This NYT piece by Adam Cohen starts with the observation that Americans are feeling pessimistic about the war in Iraq, Hurricane Katrina and so on, then jumps to a recent work on philosophical pessimism by Joshua Dienstag, whose basic argument is summarised in this sample chapter. As Cohen says, pessimism in this sense is not a gloomy disposition, but a worldview that “simply doubts the most basic liberal principle: that applying human reasoning to the worldâ€™s problems will have a positive effect.’ Cohen concludes “Part of Mr. Bushâ€™s legacy may well be that he robbed America of its optimism “.
But if optimism holds that applying reasoned analysis will have a positive effect, the experience of the Bush Administration merely illustrates the point that the converse is also true.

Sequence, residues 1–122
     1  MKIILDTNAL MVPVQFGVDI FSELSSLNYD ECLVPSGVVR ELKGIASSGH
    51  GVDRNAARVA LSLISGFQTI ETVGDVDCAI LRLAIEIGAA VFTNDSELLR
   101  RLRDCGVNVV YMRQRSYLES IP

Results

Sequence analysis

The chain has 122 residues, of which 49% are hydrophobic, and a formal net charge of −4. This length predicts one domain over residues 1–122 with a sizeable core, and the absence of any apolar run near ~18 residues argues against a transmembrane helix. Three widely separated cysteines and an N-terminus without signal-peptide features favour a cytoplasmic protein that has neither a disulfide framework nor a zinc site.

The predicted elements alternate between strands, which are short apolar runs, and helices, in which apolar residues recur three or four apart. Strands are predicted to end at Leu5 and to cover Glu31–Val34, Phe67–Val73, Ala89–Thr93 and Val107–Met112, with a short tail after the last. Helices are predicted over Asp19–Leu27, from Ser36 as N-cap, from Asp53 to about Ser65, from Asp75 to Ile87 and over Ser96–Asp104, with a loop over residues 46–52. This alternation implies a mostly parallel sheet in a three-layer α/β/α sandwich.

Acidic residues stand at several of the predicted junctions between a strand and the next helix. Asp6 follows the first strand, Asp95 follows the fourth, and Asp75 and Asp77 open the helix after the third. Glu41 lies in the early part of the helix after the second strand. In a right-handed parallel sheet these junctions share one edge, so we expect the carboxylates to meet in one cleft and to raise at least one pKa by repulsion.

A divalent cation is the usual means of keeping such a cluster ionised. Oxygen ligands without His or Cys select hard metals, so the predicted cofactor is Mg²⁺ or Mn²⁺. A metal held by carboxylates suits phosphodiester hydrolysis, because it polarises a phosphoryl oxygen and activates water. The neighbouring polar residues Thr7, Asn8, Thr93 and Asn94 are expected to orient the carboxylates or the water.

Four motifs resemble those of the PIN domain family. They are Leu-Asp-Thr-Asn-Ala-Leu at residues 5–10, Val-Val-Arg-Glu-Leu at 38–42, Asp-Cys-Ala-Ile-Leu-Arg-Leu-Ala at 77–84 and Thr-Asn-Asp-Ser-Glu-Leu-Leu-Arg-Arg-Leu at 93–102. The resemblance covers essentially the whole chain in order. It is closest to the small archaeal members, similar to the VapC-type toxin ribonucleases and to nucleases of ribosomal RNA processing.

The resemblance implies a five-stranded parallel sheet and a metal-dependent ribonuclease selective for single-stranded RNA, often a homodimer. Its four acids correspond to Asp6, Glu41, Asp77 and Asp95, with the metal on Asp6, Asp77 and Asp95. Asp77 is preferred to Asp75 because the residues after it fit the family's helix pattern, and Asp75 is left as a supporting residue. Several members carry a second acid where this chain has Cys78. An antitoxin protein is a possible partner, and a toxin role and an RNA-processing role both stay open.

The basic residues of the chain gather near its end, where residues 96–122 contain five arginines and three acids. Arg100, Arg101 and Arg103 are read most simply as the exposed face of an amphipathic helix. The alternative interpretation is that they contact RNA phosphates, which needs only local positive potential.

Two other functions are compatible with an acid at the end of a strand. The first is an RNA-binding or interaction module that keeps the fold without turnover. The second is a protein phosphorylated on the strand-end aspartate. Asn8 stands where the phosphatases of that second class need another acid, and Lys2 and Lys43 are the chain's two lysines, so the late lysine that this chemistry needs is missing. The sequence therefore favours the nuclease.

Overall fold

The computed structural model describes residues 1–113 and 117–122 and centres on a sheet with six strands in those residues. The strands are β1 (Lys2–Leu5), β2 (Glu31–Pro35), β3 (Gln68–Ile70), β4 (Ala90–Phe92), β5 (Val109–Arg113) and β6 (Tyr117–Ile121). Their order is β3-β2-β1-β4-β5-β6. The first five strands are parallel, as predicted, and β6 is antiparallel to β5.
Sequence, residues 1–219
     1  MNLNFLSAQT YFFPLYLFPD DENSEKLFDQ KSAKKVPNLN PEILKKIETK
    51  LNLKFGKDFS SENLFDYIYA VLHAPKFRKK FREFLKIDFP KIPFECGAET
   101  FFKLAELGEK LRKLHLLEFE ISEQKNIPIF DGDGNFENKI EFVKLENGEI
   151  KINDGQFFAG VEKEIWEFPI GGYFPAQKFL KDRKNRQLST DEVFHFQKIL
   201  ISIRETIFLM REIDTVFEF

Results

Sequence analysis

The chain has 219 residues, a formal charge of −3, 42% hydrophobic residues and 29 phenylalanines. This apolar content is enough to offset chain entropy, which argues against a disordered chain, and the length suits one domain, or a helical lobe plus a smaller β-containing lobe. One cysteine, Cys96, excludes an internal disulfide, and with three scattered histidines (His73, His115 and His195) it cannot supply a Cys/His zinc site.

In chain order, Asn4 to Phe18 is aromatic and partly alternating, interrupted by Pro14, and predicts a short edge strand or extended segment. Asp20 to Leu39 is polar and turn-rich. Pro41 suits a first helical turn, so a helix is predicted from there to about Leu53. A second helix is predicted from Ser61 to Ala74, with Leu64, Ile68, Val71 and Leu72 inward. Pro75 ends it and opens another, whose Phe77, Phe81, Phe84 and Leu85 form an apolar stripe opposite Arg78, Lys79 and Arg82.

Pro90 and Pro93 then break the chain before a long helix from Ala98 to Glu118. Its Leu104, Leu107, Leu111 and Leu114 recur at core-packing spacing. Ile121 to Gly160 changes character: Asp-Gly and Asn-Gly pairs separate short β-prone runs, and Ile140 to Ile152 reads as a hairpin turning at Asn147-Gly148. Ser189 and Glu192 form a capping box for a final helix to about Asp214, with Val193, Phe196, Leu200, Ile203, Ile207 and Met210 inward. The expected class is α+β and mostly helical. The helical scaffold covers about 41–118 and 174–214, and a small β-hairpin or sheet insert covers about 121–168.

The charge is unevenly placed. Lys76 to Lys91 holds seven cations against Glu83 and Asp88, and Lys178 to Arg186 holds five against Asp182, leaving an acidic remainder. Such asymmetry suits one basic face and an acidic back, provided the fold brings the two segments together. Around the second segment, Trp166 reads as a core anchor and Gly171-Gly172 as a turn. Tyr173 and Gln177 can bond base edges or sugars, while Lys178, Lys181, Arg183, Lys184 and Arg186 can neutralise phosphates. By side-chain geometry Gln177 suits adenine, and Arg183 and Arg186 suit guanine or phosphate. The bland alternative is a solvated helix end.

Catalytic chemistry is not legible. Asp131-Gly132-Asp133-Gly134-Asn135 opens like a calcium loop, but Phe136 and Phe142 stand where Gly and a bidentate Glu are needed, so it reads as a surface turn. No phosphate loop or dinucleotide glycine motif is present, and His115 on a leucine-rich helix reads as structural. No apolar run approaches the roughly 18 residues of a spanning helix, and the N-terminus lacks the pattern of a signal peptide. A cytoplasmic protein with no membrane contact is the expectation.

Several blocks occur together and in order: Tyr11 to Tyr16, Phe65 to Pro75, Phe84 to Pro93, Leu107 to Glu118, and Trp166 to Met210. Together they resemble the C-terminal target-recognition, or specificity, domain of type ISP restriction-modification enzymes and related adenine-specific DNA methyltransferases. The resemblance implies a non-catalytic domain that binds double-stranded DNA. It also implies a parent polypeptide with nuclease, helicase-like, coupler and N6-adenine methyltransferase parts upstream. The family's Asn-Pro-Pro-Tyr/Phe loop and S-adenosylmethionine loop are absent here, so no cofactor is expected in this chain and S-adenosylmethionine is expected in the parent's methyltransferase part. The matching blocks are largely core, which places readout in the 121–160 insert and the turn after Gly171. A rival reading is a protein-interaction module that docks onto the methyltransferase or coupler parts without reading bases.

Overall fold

The most plausible basis for pessimism (at least as it concerns historical progress rather than the human condition) is that humans are simply incapable of collectively applying the reasoned analysis necessary to avoid destroying ourselves with the power we now wield.
The experience of the last half of the 20th century seemed on the whole to support an optimistic account. The threat of nuclear annihilation that was ever-present for much of the century receded with the end of the Cold War, and we managed a positive response to environmental problems that would have been catastrophic if we had continued with ‘business as usual’.
The 21st century so far has given support to the pessimistic view, with war, nuclear proliferation and unchecked global warming. But the only conclusion to be drawn is that we need more reasoned analysis and a willingness to act on it.